- Ask the students to be prepared to answer the questions on their tile by either using the Think, Pair, Share strategy or by using one of the attached Demonstration of Learning Strategies. You may want to choose a particular strategy to use with the entire class or cut the strategies into strips and ask each student to pick one or two. If the student or group of students is allowed to pick two, ask them to choose the learning strategy they prefer and put the other one back. Keep in mind that some Demonstration of Learning Strategies will be a better fit for some of the event topics than others and that some take more time than others. Some strategies may need to be grouped depending on the available time.
Activity 2: Dust Bowl Impact
The ballads of Woody Guthrie, the novels of John Steinbeck, and the WPA photographs of artists such as Dorothea Lange have embedded images of the Dust Bowl in the American consciousness. Introduce this dramatic era in our nation’s history to today’s students through photographs, songs, and interviews with people who lived through the Dust Bowl. Help your students understand the problems Americans were facing during the Great Depression. Students learn from their textbooks what caused the Dust Bowl and where the Dust Bowl occurred, but to better understand the impact of this environmental disaster, students need to use a variety of primary source documents from this time period. This activity uses the resources from the American Experience PBS website Surviving the Dust Bowl. The resources on the site allow students to explore the Dust Bowl through photographs, songs (lyrics), interviews, and other archival documents from the Dust Bowl era.
- Assign each student to listen to or read one of the interview transcripts from J.R. Davison, Imogene Glover, or Melt White on the PBS Surviving the Dust Bowl website. From the Media Analysis activity sheets, each student should complete either the "Sound Recording" (if they listen to the interview) or the "Written Document" (if they read the transcript) analysis pages.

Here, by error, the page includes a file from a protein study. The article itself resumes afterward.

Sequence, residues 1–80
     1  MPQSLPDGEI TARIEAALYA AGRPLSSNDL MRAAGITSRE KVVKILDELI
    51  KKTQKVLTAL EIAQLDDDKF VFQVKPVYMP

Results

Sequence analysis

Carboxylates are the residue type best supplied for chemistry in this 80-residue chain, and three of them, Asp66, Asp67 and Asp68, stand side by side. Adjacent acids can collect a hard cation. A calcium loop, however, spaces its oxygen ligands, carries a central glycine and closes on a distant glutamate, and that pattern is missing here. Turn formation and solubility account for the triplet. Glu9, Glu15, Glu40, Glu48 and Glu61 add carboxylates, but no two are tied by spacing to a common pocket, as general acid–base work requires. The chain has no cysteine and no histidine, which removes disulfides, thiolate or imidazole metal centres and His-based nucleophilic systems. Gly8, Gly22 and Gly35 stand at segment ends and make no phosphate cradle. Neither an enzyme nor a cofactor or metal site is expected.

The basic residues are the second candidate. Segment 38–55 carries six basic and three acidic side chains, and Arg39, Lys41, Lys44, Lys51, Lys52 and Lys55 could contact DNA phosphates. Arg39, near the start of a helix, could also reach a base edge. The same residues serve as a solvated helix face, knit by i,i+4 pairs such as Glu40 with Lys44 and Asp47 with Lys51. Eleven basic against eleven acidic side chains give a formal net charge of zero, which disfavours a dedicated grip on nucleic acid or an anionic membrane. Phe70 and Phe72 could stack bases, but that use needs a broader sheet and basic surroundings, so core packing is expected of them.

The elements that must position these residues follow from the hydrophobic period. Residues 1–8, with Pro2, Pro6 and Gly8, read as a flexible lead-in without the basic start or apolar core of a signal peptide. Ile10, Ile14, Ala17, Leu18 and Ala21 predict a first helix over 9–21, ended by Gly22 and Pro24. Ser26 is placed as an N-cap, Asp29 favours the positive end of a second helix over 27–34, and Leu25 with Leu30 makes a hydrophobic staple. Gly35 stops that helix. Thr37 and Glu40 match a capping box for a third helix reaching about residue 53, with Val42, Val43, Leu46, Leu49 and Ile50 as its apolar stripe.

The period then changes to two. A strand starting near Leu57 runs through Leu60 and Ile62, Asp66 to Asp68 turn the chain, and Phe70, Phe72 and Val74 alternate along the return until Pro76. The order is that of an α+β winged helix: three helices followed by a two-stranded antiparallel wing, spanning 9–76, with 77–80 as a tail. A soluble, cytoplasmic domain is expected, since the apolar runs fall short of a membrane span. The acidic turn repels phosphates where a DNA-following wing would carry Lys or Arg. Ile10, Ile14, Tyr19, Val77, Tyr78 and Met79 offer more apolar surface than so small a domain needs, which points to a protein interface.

- In addition, the “Eyewitness Account” and primary resource of Lawrence Svobida could be used with the "Written Document" analysis pages.
- As a class, listen to or view one or more of the following radio broadcasts or films linked in the Growing a Nation timeline. (These are engaging, dramatic primary sources. You may want to explain to the students that radio was the state-of-the-art media of the time!) From the Media Analysis activity sheets, students should complete the "Sound Recording" or "Motion Picture" analysis pages or note the three most significant concepts they hear. Discuss the concepts and issues raised in each radio program. The audio and movie files can be downloaded or streamed by searching the title on the Growing a Nation timeline.
- Fireside Chat 8, The Drought and The Dust Bowl, 1936 (2:03 minutes)
- Westward Movement and Resettlement, 1936 (15:16 minutes)
- What Price America? Taylor Grazing Act, 1939 (30:11 minutes)
- Food to Win the War, circa 1941 (4:58 minutes)
Activity 3: Ranch Starter Kit
- Read the "Rangelands" section of the Background Agricultural Connections portion of this lesson to review the information concerning rangelands, grazing, and the nature of grass.
- Explain to the students that they will be starting their own "ranch" with a small planting of grass.